Welcome to the Wednesday, April 12, Brew.
Here’s what’s in store for you as you start your day:
- Biden issues second veto of his presidency
- Pace of 2023 ballot measure certifications on par with historical levels
- Senate has confirmed 119 Biden judicial nominees through his 800th day in office, the most since Bill Clinton
Biden issues second veto of his presidency
On April 6, President Joe Biden (D) issued the second veto of his presidency, rejecting House Joint Resolution 27 (H.J.Res. 27) regarding the regulations surrounding the Clean Water Act.
H.J.Res 27 would have nullified an Environmental Protection Agency and Army Corps of Engineers rule that clarified the scope of which bodies of water fall under federal jurisdiction and protection.
In his veto message, Biden said, “The resolution would leave Americans without a clear definition of ‘Waters of the United States’ … [and] threaten economic growth, including for agriculture, local economies, and downstream communities.” Biden added, “The resolution would also negatively affect … households that depend on healthy wetlands and streams.”
The House voted 227-198 to approve the resolution on March 9, with 218 Republicans and nine Democrats voting in favor.
The Senate approved the resolution 53-43 on March 9, with 48 Republicans, four Democrats—Catherine Cortez Masto (D-Nev.), Joe Manchin (D-W.V.), Jackie Rosen (D-Nev.), and Jon Tester (D-Mont.)—and Kyrsten Sinema (I-Ariz.) voting in favor.
Congress can override a presidential veto with a two-thirds majority vote in both chambers.
Congress has only overridden two vetoes since 2008.
Since 1981, President Ronald Reagan (R) has issued the most vetoes with 87. With only two vetoes, Biden has issued the fewest, followed by President Donald Trump (R) with nine.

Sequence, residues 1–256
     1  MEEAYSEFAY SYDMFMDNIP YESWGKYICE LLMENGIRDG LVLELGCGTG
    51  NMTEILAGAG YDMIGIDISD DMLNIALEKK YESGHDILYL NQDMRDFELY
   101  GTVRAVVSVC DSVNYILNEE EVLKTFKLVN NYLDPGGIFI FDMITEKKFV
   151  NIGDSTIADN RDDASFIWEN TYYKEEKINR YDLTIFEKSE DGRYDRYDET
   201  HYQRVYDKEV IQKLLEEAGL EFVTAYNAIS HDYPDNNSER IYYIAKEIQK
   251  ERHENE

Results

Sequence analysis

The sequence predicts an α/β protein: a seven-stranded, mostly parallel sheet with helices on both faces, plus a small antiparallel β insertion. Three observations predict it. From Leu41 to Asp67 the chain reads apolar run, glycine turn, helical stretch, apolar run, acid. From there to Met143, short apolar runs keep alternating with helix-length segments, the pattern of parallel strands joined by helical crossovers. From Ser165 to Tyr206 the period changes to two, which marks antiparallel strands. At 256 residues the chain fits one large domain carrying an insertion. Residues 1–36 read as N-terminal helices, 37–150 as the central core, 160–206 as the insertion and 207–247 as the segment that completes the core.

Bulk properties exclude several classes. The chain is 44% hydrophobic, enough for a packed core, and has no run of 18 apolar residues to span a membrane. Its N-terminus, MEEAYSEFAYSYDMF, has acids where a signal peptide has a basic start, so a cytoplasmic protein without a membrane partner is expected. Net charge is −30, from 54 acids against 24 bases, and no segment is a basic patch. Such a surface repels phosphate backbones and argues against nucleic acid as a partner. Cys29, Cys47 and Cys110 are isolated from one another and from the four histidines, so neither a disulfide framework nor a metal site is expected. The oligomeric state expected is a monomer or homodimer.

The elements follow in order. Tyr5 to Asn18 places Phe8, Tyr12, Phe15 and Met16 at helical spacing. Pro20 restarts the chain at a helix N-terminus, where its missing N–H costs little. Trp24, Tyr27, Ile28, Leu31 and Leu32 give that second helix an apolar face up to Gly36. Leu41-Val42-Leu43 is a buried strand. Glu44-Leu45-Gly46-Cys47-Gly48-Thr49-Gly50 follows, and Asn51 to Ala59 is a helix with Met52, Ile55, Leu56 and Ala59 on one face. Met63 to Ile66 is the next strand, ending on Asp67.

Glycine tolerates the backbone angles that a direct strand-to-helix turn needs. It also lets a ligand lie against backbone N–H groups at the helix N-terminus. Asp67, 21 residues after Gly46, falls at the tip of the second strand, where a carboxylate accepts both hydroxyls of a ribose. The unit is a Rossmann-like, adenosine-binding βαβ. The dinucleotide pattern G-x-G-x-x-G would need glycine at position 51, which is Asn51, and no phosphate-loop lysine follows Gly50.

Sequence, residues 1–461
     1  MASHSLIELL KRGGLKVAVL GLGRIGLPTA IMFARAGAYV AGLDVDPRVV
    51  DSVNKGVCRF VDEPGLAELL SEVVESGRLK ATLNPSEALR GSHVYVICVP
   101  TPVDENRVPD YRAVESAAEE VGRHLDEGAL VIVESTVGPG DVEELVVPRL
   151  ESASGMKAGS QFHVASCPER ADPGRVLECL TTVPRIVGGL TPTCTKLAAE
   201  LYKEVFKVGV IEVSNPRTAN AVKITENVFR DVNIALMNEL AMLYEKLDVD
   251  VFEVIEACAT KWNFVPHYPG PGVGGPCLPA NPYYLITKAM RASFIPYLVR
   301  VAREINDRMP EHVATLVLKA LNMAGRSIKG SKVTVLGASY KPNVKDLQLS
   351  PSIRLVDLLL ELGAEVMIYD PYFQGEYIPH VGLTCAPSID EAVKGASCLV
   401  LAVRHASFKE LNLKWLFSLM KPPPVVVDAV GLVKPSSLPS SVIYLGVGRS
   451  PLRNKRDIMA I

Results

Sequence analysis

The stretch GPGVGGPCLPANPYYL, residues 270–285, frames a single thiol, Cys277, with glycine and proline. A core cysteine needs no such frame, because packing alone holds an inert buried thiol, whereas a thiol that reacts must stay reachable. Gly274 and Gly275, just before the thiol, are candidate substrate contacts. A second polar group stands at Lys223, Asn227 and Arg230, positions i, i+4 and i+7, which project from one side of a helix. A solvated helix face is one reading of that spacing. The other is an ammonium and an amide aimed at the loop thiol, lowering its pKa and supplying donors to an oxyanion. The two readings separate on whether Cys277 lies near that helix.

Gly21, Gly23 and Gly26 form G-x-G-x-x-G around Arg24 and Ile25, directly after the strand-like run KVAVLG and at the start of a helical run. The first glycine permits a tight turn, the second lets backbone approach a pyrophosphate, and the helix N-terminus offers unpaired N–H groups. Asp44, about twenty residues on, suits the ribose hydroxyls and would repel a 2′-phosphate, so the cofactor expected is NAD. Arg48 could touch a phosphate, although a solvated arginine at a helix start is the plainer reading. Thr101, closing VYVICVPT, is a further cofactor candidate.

Presidents have issued 2,586 vetoes in American history, and Congress has overridden 112. President Franklin D. Roosevelt vetoed 635 bills, the most of any president. Presidents John Adams, Thomas Jefferson, John Q. Adams, William H. Harrison, Zachary Taylor, Millard Fillmore, and James A. Garfield did not issue any vetoes.
Click below to learn more about Biden’s vetoes.
Pace of ballot measure certifications for 2023 on par with historical levels
As of April 9, six statewide measures in four states have been certified for the 2023 ballot. That’s the same as the average number of measures certified at this point in an odd-year cycle based on data since 2011.
Of those six measures, four have already gone to a vote in Oklahoma and Wisconsin, where voters:
- Rejected Oklahoma State Question 820, Marijuana Legalization Initiative, 62% to 38%;
- Approved Wisconsin Question 1, Conditions of Release Before Conviction Amendment, 67% to 33%;
- Approved Wisconsin Question 2, Conditions for Cash Bail Amendment, 68% to 32%; and,
- Approved Wisconsin Work Requirement for Welfare Benefits Advisory Question, 80% to 20%.
The upcoming measures certified for the 2023 ballot are:
- New York Remove Debt Limit on Small City School Districts Amendment on Nov. 7; and,
- Louisiana Gubernatorial Deadlines on Bills and Legislative Veto Sessions Amendment on Nov. 17.
Officials have also verified five indirect initiatives for 2023 in Maine and Ohio, which are before legislators pending further action: